Five years in the making, a new firing is nearing completion at the Bulkley Valley Rod and Gun Club (BVRG).
Last week, West Fraser Concrete poured the pad for the Atherton Range.
The 50-yard track for small-bore rimfire rifles and handguns was named after former BVRG president, who, said current president Dave Hooper was the driving force behind the project.
“It was a nice expression of appreciation for … I put hundreds of hours into this, so it’s nice to have something named after you before you’re dead,” Atherton quipped.
All that remains to do is enclose the shed and put up the sign.
Atherton said although the project drew on many hours of labour from BVRG members, it could not have been completed without the in-kind contributions of numerous organizations.
West Fraser Concrete – Hank Meerdink donated 90 per cent of the concrete.
Mid Valley Enterprises – Derek Meerdink spread and finished the concrete at cost.
Moe Rauch donated 50-plus hours of excavator work to dig out the range.
Ranch Trucking – Art Buchanan donated 30 hours of front end loader work.
KMAC Contracting Ltd. Ken MacDonald donated 20 hours of crawler tractor time.
Eckard Mendel – 30 plus hours of backhoe work.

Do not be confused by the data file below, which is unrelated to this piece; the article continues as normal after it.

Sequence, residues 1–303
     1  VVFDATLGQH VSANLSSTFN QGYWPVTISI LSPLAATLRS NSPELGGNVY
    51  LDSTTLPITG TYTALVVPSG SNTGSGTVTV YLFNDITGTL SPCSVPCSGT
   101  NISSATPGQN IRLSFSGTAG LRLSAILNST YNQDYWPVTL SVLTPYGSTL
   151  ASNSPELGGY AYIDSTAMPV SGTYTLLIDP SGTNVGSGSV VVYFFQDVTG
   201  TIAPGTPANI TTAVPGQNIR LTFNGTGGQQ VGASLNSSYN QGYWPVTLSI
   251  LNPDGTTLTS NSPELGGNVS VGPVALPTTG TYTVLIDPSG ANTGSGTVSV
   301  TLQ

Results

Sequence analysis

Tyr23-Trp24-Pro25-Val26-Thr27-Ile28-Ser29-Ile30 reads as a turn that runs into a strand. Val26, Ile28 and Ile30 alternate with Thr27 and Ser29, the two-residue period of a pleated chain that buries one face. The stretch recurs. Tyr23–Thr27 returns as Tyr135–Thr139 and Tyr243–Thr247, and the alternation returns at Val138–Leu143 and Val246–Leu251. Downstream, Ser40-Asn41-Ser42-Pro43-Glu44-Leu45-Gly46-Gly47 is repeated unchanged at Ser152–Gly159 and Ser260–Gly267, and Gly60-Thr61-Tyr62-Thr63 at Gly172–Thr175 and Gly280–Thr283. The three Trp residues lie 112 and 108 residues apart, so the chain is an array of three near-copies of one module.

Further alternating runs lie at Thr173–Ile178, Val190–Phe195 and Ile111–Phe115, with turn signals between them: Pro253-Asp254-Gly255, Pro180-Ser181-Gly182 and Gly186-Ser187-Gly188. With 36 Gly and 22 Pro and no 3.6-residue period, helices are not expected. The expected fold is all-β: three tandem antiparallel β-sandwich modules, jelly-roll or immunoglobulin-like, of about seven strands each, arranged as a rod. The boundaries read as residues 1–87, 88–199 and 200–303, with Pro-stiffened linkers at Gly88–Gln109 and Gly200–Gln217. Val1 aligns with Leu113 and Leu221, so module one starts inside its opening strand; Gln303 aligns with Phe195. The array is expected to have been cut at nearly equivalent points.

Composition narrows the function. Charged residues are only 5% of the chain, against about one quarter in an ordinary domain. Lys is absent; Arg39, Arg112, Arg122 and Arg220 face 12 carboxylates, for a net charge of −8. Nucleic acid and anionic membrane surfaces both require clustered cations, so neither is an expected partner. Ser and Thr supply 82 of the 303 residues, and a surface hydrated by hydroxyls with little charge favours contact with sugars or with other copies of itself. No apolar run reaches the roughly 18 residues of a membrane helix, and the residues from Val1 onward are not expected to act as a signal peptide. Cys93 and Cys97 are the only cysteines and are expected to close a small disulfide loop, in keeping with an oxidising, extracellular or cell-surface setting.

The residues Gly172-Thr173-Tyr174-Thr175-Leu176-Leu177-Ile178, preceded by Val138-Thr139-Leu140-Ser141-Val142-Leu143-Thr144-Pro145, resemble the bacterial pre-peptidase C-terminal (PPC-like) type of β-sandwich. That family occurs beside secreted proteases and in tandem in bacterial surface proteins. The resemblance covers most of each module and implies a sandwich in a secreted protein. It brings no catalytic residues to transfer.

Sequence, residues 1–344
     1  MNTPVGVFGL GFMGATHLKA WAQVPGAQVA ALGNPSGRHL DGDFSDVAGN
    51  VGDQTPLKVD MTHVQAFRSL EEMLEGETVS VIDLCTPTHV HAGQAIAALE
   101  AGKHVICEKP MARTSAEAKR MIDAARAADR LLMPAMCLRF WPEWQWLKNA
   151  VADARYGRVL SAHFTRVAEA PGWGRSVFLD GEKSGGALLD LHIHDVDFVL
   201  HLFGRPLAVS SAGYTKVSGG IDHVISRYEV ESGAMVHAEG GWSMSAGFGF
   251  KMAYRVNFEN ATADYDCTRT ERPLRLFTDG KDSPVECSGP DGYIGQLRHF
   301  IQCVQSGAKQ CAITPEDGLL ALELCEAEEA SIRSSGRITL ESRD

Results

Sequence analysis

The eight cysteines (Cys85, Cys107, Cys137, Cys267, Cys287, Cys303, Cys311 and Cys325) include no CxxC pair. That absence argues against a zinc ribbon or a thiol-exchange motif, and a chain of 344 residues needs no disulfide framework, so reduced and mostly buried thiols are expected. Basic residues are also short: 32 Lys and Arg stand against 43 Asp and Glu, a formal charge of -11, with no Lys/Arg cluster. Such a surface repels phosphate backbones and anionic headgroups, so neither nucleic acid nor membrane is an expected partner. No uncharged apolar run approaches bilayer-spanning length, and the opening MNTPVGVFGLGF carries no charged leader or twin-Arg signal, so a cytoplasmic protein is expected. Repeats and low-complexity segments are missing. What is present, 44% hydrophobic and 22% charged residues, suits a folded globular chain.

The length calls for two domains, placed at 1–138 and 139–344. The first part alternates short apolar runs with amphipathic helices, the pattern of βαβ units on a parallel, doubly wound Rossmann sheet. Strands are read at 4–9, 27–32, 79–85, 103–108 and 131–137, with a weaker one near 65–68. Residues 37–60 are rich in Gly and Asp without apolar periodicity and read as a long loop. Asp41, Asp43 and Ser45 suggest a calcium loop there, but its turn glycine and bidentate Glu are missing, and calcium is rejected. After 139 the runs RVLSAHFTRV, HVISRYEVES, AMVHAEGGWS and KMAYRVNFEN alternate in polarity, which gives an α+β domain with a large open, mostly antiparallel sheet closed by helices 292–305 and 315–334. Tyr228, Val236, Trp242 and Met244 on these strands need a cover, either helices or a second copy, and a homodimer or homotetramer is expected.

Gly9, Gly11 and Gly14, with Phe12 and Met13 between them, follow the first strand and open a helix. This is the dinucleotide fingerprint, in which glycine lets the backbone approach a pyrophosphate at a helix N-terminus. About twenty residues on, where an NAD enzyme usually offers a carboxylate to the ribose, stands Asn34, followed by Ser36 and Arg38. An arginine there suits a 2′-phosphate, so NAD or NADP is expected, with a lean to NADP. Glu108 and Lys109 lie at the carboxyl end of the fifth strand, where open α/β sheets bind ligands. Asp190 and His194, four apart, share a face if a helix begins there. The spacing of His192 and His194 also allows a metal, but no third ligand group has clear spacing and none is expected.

Smithers Lumber Yard – Discounted construction material.
Randy’s Image Design Ltd – donated/discounted sign work.
Sitka Tree Services – chipping woody material that was created during land clearing.
Steti Transport Ltd – Steffen Apperloo donated three truckloads of crushed gravel.
Hooper said it is all part of an initiative to increase membership.
“We’re trying to make improvements here and raise our profile, the more members the better,” he said.
Meanwhile, Hooper has been named to the Ministry of Forests, Lands, Natural Resource Operations and Rural Development Minister’s Wildlife Advisory Council.
The council will oversee B.C.’s Together for Wildlife Strategy. This document commits the government to five goals and 24 action items.
The five goals are:
1. All British Columbians have a voice in wildlife stewardship.
2. Data, information, and knowledge drive better decisions.
3. Stewardship actions achieve tangible benefits for wildlife and their habitats.
4. Accountability and transparency build trust and confidence.
5. Collaborative wildlife stewardship advances reconciliation with Indigenous governments.
The full report is available on the ministry’s website.
Hooper has been down this road before. As a former guide-outfitter with 30 years in the industry, he has served on many committees and contributed to many initiatives in the past. This plan, though, he thinks addresses all the issues and he is optimistic it will improve
“To me, this is a super chance for wildlife, for the betterment of wildlife and of habitat,” he said.